TONIGHT’S supermoon will be the biggest and brightest of the year, but poor weather may impede skywatchers’ view later in the evening.

The full moon will create an impressive spectacle for people in Herefordshire and Shropshire, but those who want to enjoy it should make sure they do so early as clear skies will only last until around 10pm this evening.

Native American tribes also refer to January’s first full moon as a ‘wolf moon’, as wolves howl more during their breeding season in January and February.

A supermoon happens when a full moon or new moon coincides with the moon's closest approach to the Earth.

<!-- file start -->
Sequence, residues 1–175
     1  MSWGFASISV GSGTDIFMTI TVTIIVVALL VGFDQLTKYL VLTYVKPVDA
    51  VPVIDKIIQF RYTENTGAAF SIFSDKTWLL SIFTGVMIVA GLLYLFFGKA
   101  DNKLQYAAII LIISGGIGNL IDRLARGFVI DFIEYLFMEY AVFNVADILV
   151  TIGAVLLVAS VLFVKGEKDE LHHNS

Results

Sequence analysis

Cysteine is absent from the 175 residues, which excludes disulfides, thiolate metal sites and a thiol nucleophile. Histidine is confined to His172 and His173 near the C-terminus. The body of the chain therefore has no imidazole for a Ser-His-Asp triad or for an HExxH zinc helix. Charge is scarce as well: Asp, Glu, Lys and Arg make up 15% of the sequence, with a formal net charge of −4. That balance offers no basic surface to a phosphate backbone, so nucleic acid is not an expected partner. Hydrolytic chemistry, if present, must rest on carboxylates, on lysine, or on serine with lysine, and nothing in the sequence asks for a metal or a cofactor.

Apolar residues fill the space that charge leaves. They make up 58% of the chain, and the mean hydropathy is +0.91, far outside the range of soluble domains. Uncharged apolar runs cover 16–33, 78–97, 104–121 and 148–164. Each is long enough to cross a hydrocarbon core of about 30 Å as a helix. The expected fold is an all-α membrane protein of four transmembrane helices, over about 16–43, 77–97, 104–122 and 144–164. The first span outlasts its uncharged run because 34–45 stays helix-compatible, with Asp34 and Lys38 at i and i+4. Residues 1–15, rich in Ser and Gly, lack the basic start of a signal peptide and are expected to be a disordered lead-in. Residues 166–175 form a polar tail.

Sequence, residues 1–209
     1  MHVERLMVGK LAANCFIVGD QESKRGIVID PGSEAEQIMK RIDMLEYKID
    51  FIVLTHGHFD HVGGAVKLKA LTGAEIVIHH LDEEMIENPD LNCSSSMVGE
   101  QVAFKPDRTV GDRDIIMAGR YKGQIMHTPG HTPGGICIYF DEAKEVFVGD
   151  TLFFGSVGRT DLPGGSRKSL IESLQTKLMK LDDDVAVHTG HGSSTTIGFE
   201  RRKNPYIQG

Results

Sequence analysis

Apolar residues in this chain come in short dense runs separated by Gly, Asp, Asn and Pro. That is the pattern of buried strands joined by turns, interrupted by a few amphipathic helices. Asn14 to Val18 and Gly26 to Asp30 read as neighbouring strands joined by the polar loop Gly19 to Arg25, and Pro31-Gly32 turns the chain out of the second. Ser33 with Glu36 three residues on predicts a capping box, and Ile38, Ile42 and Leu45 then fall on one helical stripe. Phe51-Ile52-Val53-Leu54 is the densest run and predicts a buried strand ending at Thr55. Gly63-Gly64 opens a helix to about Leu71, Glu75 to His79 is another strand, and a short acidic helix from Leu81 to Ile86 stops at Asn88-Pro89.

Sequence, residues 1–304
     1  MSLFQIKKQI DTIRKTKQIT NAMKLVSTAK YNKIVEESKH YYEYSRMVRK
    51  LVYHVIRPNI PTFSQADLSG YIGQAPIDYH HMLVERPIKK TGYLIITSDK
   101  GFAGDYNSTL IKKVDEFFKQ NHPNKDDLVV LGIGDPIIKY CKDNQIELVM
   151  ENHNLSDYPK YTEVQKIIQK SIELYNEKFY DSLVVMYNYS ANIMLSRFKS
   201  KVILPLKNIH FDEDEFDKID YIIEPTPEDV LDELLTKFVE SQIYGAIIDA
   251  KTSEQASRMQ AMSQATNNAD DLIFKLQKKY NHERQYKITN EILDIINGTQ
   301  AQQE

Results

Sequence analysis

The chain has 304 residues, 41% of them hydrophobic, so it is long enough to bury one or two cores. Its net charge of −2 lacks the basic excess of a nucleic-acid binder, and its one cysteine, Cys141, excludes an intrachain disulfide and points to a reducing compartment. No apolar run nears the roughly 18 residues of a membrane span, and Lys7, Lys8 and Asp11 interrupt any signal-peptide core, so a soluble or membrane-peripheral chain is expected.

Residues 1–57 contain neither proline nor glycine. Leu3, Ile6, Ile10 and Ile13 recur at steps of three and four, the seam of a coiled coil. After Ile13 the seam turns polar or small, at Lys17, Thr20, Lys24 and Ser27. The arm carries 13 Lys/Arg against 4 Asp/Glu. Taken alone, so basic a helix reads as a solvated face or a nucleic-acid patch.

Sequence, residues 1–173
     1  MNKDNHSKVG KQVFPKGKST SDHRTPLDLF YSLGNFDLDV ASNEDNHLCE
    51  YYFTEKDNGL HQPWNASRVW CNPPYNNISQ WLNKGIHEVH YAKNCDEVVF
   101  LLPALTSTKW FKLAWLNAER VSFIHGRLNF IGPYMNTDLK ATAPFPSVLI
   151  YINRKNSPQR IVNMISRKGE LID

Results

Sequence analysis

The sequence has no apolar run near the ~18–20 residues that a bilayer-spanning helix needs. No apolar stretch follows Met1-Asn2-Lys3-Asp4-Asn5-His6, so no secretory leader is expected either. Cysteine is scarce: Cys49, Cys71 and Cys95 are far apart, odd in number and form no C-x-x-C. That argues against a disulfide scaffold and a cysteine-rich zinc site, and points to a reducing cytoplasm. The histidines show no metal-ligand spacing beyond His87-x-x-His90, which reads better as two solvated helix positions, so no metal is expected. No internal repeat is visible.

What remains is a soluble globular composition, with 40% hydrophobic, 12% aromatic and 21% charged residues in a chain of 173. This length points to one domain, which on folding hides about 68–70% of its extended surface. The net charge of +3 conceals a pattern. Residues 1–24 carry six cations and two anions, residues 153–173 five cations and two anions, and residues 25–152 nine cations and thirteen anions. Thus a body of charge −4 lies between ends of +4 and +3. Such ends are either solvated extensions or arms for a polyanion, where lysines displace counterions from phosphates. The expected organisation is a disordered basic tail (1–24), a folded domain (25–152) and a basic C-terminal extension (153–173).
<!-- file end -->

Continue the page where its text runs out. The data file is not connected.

Its orbit around Earth is not a perfect circle; it is elliptical (oval shaped), which means the distance between the moon and the Earth varies.

Astrologer Richard Nolle first coined the term supermoon in 1979.

He said it was "a new or a full moon that happens when the moon is at or near its closest approach to Earth in its orbit".

A super full moon looks about 30 per cent brighter, or 14 per cent bigger than average to skywatchers because it is closer to Earth.

A second full moon will appear in the night sky on the 31st January.

When two full moons appear in one calendar month the second is known as a ’blue moon’, as this only happens around once every two and a half years, which explains the popular saying ‘once in a blue moon’.